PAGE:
Feeling a little nervous about starting and/or doing well on your clinical rotations? Check out FM Student’s game plan for your clinical years!
Your third year (and early fourth year) of medical school are your chance to figure out what field you want to go into and to get a general idea of where you want to do it. Try to learn and take away as much as you can from each of your rotations, even if you happen to be on a rotation that’s the furthest thing from what you want to do with your life.
- Talk to people! Speak up during grand rounds. Contribute to educational days + noon lectures. Ask questions. Don’t be afraid to say, “I don’t know, but I’ll look it up,” and look it up. Let the preceptor know you looked it up. Never BS anything.
- Gain exposure. Spend time with the director of medical education, program director, interns/residents, medical education office staff.
- If you want to know how you’re doing and you’re not receiving any feedback, ask for it.
- Follow the rules.
Be a team player.
- If you can’t be on time, be early. Stay late.
- Clinical education = volunteer faculty. Time teaching = time away from family + business pursuits. Don’t make your preceptor wait for you.
- Smile, show enthusiasm, and offer to help wherever you can!
- Strive to be confident + competent.
Establish consistent study habits.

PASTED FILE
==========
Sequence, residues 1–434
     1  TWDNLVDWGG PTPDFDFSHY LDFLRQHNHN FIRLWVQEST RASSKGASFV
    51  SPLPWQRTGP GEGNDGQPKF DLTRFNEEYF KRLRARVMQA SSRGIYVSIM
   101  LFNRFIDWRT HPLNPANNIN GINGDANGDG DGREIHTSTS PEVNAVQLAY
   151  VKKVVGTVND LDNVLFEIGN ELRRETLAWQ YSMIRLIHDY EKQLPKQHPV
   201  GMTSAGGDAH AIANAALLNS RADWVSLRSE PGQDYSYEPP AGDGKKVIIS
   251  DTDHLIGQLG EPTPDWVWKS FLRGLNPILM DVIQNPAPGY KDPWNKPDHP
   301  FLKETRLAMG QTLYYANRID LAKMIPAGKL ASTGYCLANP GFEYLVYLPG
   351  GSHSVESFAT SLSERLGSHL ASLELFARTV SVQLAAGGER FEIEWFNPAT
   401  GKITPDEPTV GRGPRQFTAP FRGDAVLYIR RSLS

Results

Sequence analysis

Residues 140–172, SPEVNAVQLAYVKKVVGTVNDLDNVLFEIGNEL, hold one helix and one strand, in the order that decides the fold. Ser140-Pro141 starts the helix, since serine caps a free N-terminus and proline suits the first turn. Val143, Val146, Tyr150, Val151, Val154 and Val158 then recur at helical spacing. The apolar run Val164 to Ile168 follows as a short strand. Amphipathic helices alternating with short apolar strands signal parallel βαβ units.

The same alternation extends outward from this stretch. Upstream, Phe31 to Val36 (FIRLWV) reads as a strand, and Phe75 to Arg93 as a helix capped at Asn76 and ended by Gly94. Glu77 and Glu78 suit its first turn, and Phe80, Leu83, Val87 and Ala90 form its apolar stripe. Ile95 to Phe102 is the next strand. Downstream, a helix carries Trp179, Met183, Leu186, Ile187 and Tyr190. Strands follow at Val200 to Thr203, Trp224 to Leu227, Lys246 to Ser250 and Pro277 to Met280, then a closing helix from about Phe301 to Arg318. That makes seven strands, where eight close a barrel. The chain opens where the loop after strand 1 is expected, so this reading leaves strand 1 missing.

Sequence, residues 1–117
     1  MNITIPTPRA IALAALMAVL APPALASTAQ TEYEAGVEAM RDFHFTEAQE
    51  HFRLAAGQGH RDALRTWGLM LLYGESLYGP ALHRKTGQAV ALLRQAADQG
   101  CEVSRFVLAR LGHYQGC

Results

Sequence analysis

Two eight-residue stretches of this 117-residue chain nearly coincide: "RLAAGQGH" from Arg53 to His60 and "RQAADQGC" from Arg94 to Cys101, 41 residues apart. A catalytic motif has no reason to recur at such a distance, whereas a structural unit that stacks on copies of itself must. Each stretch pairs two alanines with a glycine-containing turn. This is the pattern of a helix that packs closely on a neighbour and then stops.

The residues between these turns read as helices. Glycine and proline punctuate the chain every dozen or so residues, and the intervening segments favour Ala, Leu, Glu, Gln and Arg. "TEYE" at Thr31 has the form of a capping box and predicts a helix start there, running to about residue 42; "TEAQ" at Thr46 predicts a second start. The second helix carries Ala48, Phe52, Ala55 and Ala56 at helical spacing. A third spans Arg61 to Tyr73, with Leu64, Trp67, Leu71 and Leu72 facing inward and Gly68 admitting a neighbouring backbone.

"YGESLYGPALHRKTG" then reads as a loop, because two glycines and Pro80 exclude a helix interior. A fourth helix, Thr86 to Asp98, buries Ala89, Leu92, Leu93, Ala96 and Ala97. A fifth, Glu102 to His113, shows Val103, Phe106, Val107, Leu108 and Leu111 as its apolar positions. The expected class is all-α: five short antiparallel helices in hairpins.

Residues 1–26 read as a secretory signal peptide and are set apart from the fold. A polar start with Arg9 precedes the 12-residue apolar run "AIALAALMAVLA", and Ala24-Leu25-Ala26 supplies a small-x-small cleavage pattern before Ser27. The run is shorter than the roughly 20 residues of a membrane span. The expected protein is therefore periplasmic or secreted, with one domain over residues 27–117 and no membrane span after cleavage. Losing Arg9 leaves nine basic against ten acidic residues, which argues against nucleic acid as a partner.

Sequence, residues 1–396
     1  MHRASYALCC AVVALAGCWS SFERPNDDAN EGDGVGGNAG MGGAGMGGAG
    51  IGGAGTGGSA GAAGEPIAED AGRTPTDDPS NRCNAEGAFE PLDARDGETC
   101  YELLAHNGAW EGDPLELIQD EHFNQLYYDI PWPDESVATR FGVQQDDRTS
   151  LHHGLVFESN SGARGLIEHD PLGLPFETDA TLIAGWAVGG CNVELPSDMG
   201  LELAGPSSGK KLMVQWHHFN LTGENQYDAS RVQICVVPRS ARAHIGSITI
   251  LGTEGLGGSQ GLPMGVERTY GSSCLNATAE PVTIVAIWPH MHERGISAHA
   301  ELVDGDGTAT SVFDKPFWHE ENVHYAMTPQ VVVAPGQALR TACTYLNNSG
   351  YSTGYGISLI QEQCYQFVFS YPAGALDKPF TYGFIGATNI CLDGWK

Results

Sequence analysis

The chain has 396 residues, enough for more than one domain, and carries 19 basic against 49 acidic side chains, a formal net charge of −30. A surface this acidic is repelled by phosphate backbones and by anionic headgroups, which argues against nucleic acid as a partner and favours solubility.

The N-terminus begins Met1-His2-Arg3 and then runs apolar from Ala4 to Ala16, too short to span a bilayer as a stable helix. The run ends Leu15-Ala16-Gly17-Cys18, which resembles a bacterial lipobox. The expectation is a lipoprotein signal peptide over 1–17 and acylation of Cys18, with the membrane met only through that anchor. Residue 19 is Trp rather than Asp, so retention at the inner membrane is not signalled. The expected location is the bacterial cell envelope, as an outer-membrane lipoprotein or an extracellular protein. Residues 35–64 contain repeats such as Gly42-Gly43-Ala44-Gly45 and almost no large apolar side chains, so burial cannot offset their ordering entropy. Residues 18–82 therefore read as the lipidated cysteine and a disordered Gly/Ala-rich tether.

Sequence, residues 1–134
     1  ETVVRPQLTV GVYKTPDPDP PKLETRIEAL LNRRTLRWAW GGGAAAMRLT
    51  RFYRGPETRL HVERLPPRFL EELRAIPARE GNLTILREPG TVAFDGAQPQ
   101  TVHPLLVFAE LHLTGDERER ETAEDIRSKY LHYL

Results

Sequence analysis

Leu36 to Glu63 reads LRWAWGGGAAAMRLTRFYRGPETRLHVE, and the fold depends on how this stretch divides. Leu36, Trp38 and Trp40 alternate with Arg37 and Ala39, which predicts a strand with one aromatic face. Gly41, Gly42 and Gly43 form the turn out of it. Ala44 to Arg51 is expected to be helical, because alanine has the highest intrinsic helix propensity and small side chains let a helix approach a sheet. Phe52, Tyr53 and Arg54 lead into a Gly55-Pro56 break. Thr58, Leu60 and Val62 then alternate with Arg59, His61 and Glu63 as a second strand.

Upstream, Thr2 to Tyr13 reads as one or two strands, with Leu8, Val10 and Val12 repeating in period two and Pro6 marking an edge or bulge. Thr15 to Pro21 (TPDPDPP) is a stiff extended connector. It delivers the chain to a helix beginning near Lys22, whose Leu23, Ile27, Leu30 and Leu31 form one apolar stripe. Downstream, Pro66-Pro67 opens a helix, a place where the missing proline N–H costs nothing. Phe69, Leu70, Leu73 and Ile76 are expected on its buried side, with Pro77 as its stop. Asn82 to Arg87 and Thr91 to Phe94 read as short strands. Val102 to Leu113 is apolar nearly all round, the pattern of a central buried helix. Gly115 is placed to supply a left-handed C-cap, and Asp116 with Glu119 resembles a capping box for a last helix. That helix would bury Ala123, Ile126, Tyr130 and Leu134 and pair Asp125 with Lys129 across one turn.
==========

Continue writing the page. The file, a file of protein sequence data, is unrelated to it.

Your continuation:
- Study + read every day. A little studying each day is much less daunting than consecutive nights of cramming the day before your shelf exams (or before boards), and you’ll feel a lot more prepared when you’re being asked questions on your rotations.
The last tip has less to do with your clinical rotations than it does with making the start of your fourth year a lot easier. (It also makes it easier for you to hand your CV and/or personal statement to the people you want recommendation letters from–find out more tips on securing great recommendation letters here!)
Develop a CV + personal statement.
If you work on this periodically throughout your third year, it’ll be a lot less painful when spring comes along because it’ll only be a matter of transferring it all onto ERAS, instead of feverishly throwing together your CV whilst trying to study for boards and prepare for audition rotations at the same time.
- Be honest, but not overly modest. (“There is no one you-er than you.” If you don’t tell your own story, who’s going to do it for you?)
- Include the following in your CV:
- Name, contact info, education, honors + awards, publications/research, school-related activities (service, clubs, community service, leadership positions), work experience
- Be sure you have the halo effect (character ethic, honesty, reliability, motivation towards learning, professionalism).